Kant And Aristotle's Virtue In Ethics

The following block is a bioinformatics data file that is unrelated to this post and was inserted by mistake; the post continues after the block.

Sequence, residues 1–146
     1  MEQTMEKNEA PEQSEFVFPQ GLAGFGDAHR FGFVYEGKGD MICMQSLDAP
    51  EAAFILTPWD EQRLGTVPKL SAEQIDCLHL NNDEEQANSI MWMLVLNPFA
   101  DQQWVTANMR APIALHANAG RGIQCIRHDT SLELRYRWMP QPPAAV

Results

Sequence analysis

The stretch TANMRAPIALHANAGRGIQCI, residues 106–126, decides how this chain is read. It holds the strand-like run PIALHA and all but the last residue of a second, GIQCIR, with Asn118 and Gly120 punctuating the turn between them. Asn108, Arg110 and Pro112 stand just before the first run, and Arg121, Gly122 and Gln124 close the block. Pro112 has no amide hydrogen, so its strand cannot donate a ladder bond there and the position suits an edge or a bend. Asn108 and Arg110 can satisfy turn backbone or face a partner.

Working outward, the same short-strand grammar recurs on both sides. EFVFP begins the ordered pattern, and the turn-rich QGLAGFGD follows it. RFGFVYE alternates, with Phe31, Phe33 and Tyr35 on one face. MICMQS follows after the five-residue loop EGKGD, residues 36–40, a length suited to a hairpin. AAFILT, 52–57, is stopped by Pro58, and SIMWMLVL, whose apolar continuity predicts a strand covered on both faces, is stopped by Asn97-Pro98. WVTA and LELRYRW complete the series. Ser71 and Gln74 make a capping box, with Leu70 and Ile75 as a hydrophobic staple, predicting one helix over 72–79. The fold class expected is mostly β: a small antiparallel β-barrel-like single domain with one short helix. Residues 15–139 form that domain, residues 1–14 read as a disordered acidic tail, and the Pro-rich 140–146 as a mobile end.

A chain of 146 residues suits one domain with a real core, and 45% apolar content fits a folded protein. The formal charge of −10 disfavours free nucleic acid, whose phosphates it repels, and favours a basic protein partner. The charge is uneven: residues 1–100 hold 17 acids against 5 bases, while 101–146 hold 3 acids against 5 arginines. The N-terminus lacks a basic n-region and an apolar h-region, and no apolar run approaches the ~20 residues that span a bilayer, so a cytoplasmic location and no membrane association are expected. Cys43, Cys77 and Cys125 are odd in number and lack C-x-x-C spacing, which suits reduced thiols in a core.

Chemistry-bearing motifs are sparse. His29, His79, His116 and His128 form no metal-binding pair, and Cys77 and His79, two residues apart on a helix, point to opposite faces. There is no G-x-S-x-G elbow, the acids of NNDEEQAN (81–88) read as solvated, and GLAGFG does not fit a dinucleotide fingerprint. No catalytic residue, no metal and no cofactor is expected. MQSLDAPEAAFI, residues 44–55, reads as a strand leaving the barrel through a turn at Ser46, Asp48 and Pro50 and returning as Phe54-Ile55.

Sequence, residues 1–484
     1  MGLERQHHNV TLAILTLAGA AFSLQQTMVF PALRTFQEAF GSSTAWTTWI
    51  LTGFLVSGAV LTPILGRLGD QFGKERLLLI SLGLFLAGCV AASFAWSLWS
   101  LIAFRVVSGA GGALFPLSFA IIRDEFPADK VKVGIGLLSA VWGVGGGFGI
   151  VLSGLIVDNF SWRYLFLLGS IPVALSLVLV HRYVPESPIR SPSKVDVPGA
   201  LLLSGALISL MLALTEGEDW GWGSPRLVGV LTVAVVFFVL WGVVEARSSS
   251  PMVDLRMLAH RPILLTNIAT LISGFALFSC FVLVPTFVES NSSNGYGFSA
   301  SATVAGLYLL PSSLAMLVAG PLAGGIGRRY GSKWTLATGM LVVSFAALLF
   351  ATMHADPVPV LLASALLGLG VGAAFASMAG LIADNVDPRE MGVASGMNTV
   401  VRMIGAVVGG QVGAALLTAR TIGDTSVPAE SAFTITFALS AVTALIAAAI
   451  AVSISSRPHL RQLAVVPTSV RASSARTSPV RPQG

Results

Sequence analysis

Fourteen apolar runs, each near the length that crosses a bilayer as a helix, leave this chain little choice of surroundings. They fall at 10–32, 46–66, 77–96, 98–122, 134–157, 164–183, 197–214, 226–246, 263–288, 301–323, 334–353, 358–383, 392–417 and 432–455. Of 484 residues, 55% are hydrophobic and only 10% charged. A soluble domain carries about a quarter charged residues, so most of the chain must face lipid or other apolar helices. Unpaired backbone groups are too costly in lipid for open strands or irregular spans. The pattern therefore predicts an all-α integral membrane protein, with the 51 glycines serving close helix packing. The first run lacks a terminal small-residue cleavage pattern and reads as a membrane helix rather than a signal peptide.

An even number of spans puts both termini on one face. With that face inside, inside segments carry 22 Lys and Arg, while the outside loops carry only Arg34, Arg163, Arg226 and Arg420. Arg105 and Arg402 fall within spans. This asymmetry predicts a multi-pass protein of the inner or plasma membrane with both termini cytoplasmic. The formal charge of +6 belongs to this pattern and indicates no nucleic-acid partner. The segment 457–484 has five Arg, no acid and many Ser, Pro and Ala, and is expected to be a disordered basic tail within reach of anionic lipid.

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3-2 the Golden Mean The golden mean is one of the virtue in ethics. According to Aristotle, the greatest good is the mean. Both extreme and deficiency are bad. Moderation which is the middle of too much and too little is important to be the happiness. For instance, we should not be afraid and should not despite. The bravery is the middle. The golden mean means when we need to judge, we always should not be partial. The virtue of the golden mean has some variation, but the best virtue is an activity of intelligence. For the social life, protecting the moderation connects to justice. 3-3 the Better Person Aristotle defines good people. Passions Choice Actions Better characteristics Good Good Good Strong will Bad Good Good Weak Will Bad Good Bad Bad Characteristics Bad Bad Bad Better characteristics is who think doing good behavior without any conflict. Strong will is a person who have bad passion but who can win and do good thing. Weak will is a person who have bad passions, but who try to do goodly, but who is swayed by passions. Bad characteristics is a person who have bad passions and do bad things without any conflict (Amamiya, 2004). 4 Kant vs Aristotle: Virtue The term, virtue is first used by Aristotle. Kant and Aristotle have different ideas of virtue because they have different questions. Aristotle’s main question is what kind of character is good for people to live with happiness while Kant’s question is what kind of character is most deserving of moral
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